#35

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24 Dec 2019 14:04 #3 by ScienceChic
I've seen some people saying that, but I don't think it does. There are certainly actions taken in this film directly because of events in the previous two films; I'd think that anyone going in to see this one without seeing The Force Awakens or The Last Jedi would miss out on quite a bit of back story.

I do agree with the complaint in your second paragraph and I'm not sure why it is that Star Wars has suffered so. The MCU has had multiple directors all bringing their own perspective and influence, as did Harry Potter, but both of those benefited from having one over-arching person/source (Kevin Fiege and JK Rowling, respectively) that oversaw production and helped keep continuity. Perhaps that is what Star Wars is in need of? Star Trek has certainly suffered the same issue, but it's not based on an enormous volume of written works from which to pull either.

The hope of a secure and livable world lies with disciplined nonconformists who are dedicated to justice, peace and brotherhood. ~Martin Luther King, Jr.

The truth is incontrovertible. Malice may attack it. ignorance may deride it, but in the end, there it is. ~Winston Churchill

Your scars exist, but it’s your courage that defines you. ~Nalini Singh

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26 Dec 2019 07:40 #4 by homeagain
The last STAR WARS episode I saw.....where Leia (adult and much older)was re introduced....it
was good to see the aging of the characters....I am a trekkie,so have not see that many installments of the series.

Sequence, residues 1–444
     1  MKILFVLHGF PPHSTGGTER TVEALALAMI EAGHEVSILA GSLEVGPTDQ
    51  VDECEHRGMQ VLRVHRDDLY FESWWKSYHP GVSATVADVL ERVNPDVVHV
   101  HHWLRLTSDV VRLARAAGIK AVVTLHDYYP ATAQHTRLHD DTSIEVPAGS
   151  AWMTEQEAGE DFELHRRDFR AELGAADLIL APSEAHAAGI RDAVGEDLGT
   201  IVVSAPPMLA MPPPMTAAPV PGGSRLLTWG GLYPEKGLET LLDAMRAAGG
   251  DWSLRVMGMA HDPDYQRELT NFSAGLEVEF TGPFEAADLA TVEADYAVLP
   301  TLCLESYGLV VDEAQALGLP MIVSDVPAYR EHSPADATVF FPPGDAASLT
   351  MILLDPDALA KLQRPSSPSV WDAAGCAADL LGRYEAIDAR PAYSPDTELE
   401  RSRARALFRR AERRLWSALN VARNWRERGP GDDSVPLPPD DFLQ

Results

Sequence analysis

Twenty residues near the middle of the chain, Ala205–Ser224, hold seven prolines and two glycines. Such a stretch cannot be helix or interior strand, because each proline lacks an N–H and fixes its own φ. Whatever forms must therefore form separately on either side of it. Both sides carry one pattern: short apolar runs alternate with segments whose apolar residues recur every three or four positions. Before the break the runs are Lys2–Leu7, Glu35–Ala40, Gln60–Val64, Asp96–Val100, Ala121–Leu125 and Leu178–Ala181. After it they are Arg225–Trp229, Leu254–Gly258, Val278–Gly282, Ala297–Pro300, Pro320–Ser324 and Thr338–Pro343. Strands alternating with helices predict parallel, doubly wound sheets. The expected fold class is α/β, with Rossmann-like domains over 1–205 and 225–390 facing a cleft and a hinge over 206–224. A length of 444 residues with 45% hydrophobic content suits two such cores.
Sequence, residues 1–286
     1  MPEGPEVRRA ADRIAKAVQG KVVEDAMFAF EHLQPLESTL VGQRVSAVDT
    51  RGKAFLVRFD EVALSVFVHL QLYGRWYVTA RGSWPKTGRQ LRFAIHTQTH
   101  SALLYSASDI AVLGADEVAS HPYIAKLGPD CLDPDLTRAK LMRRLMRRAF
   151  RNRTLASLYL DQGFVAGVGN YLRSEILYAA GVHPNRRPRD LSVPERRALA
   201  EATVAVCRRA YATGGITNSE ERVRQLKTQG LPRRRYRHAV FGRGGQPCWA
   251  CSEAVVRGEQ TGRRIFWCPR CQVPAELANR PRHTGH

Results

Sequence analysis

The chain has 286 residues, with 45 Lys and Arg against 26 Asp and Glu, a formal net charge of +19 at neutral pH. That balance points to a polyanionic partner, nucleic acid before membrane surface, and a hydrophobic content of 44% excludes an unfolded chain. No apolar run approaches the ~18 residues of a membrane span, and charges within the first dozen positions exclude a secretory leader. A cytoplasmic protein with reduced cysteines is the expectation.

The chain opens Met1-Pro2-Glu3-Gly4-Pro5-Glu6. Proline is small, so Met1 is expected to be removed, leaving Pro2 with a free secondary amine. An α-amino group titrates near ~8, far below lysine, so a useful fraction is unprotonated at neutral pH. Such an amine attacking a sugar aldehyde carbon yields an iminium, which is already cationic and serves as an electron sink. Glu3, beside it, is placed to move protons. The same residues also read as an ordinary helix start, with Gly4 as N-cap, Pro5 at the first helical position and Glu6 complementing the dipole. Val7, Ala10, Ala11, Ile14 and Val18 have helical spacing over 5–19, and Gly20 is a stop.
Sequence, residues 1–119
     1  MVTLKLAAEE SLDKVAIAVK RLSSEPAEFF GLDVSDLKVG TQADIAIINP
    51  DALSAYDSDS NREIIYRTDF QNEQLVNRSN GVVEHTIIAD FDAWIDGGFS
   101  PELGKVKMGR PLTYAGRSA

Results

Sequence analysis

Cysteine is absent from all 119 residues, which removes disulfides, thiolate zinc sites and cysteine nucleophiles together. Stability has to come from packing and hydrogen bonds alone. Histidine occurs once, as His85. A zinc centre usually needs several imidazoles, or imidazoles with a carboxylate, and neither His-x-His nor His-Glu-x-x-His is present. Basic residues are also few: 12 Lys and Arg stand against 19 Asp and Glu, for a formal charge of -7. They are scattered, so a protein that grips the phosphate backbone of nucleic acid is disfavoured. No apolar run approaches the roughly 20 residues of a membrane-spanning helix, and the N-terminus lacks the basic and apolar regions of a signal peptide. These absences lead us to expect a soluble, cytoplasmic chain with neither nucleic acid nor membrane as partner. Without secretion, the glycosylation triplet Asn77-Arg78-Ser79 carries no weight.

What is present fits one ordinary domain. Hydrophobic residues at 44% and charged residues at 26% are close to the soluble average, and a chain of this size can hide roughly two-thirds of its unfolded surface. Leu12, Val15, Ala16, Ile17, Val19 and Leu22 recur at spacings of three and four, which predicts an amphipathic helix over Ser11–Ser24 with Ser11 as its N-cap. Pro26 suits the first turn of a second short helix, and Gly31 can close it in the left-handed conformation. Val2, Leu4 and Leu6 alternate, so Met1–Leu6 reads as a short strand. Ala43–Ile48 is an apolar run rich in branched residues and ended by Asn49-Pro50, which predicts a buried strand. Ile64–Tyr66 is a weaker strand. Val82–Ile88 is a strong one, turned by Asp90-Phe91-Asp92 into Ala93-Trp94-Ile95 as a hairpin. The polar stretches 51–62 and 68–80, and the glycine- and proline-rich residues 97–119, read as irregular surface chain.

HAVE read many reviews (mixed).....generally it seems the story line was disjointed and disappointing for fans. The "series" did not satisfy the need for a closure?

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30 Dec 2019 12:32 #5 by FredHayek
The film was much better than I was expecting. It definitely tried to hit all the bases, going back to locations and characters from the other films. Made me quite nostalgic.

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04 Jan 2020 22:04 #6 by ScienceChic
Homeagain, I think it did a good job on providing closure, but that's just me.

I went back and saw it again with the rest of the family and enjoyed a little more than the first time. I definitely caught some more nuanced lines and scenes, especially in regards to Finn and his Force sensitivity.

The hope of a secure and livable world lies with disciplined nonconformists who are dedicated to justice, peace and brotherhood. ~Martin Luther King, Jr.

The truth is incontrovertible. Malice may attack it. ignorance may deride it, but in the end, there it is. ~Winston Churchill

Your scars exist, but it’s your courage that defines you. ~Nalini Singh

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15 Jan 2020 14:31 #7 by FredHayek
Agree, was better on a second viewing. They were trying to cram so much at you initially, you can pick up on much more the second time.